A post from my now-defunct Marvel blog concerning what we should be striving for in telling stories.
January 26, 2010 | 1:00 AM | By Tom_Brevoort | In General
I read a scene the other day in a script that had come in that really made an impact on me. It was just a little six-page sequence, nothing important-but the emotional truth of the scene, what it said about the origins of the principle character, how he’d gotten to be where he was, the compromises he’d made, and the regrets he felt, rang out with a reverberation of honest truth to them. It wasn’t a bombastic scene, and in the grand scheme of things, most readers might not even have the same reaction. Nevertheless, I felt like this was a writer who was really on his game that day.
This, then, should always be the goal of any story-to connect with the audience on an almost visceral level. To reveal the emotional truths of existence, and through them, to convey a greater understanding of humanity and existence. Those moments are the ones that stay with people, that lend stories their greatest power.
And unfortunately, they’re often few and far between. Everybody working in this field gets so caught up in the pyrotechnics, the continuity, the color and the splash and the action that it’s very easy to lose sight of that key, crucial, tiny element that can make a story memorable. (And that’s nothing against the pyrotechnics and so forth. All of that is part and parcel of the energy and excitement that make comics fun and engaging to read. But I think that, without a true emotional hook, that stuff begins to lose its luster relatively quickly, empty calories that provide a temporary sugar rush, but leave you crashing afterwards.)
I feel like I keep reading the same scenes, the same exchanges and conflicts, the same false drama over and over again. It’s time to set the bar a bit higher for ourselves. Time to rededicate ourselves to illuminating those truths of character, to digging down deeper, probing the characters, turning them over and over and figuring out what makes them tick, why we’re fascinated by them, and then placing them in situations that reveal new facets-and, by extension, new facets of ourselves.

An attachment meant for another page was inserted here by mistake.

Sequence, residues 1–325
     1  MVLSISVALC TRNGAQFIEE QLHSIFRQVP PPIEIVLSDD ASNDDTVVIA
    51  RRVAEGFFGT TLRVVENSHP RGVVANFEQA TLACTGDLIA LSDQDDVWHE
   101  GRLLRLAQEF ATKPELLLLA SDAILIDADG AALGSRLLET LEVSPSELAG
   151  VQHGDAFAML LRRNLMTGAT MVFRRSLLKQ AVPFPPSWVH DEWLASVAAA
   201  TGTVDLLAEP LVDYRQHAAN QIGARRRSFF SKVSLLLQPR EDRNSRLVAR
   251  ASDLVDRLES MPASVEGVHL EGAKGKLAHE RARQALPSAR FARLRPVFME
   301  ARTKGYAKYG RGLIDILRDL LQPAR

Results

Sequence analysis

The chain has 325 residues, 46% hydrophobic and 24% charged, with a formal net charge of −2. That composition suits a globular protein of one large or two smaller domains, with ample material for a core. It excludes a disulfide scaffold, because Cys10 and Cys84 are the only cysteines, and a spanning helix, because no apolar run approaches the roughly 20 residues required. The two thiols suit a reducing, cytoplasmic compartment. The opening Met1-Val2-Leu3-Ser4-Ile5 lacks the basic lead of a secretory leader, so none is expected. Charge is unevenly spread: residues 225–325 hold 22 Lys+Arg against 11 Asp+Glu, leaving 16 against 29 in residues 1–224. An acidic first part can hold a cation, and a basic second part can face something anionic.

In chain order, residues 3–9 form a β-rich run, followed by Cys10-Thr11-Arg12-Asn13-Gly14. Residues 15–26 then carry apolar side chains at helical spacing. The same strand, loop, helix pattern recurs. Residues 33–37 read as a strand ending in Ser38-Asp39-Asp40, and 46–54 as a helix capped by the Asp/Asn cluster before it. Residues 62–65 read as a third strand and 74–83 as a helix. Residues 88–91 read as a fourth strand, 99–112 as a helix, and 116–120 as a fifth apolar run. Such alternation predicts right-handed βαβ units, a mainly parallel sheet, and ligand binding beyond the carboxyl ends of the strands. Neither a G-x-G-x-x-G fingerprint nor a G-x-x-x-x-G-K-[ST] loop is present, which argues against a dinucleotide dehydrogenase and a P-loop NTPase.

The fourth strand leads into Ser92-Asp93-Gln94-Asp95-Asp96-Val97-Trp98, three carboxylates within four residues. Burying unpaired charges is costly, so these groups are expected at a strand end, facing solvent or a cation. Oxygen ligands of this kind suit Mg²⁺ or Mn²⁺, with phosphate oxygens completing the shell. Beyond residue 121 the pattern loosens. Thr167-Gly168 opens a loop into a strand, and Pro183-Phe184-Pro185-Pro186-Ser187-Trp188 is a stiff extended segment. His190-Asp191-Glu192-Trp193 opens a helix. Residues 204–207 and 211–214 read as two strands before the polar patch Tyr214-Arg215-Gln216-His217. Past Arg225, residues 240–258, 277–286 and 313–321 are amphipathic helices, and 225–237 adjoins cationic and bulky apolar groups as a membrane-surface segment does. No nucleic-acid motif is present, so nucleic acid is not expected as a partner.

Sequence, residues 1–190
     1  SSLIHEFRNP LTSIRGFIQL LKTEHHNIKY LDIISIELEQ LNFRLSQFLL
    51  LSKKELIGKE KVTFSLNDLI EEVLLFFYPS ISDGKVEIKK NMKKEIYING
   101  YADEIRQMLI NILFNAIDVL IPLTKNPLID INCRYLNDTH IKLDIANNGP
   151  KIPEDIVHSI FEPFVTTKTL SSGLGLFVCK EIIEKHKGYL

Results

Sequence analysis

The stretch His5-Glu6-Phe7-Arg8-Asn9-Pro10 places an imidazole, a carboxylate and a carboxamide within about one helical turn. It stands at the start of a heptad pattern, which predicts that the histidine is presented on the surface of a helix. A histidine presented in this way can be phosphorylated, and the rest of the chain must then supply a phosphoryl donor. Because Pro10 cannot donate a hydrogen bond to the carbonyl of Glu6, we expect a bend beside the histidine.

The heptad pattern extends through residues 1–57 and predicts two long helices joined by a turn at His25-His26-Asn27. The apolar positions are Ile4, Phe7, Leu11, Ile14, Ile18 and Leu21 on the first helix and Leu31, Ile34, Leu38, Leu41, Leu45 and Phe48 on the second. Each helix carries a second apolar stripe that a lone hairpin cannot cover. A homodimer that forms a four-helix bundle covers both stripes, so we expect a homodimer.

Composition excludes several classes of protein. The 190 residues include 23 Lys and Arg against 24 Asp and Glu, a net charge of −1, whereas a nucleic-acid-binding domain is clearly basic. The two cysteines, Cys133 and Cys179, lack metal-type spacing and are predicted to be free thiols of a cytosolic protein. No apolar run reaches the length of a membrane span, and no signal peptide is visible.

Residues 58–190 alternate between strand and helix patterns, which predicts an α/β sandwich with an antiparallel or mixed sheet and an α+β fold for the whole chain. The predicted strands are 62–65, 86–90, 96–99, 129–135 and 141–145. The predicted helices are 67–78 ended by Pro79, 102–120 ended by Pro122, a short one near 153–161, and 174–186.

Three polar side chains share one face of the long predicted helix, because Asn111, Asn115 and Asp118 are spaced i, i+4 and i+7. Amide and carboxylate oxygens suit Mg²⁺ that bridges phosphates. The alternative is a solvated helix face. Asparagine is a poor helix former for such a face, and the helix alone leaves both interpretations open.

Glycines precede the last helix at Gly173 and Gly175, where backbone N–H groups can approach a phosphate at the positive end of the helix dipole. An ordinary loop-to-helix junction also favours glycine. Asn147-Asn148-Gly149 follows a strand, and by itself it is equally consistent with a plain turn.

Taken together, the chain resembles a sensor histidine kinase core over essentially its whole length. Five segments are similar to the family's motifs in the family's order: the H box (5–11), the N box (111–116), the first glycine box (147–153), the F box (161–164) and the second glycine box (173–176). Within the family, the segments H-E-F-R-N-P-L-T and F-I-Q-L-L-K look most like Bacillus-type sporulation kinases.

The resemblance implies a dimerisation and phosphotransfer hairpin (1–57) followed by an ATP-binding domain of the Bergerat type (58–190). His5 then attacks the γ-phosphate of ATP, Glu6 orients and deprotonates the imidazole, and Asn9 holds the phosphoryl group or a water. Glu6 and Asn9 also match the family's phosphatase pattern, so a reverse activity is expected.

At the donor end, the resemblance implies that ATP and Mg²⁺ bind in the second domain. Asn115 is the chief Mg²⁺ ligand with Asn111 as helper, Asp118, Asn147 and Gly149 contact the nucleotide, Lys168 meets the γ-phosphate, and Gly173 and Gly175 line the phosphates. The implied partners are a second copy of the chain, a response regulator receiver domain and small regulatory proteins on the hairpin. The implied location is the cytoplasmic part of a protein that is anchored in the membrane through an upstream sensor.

I suspect this is why Brian Bendis’ work is so popular. Despite the fact that he’s not the strongest plotter in the business (as Stephen R. Stahl will relate to you ad nauseum in the comments section below), and isn’t always as interested in the physicality of a conflict or an adventure, his stories inevitably revolve around some core nugget of emotional truth, and typically one that we haven’t seen expressed before in comics (or at least not quite in that way.) Which isn’t to say that Brian gets it right every single time, but his hit-to-miss ration when it comes to striking that chord of emotional truth is really good, and because it’s at the heart of what interests him about doing comics, he’s always swinging the bat.
So that’s my 2010 goal: push back towards the fundamentals of striving to find the emotional truth of the stories and the characters, and place a greater emphasis on that among our writers and editors. Raise the bar. Good thing we’ve got an editorial retreat coming up here.